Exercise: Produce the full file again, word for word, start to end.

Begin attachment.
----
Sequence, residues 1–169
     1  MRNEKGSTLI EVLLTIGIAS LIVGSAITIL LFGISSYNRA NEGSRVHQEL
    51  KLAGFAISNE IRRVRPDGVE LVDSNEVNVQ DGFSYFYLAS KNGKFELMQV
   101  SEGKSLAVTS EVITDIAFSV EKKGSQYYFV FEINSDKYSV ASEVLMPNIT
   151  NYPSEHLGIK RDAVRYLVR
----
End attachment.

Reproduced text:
Sequence, residues 1–169
     1  MRNEKGSTLI EVLLTIGIAS LIVGSAITIL LFGISSYNRA NEGSRVHQEL
    51  KLAGFAISNE IRRVRPDGVE LVDSNEVNVQ DGFSYFYLAS KNGKFELMQV
   101  SEGKSLAVTS EVITDIAFSV EKKGSQYYFV FEINSDKYSV ASEVLMPNIT
   151  NYPSEHLGIK RDAVRYLVR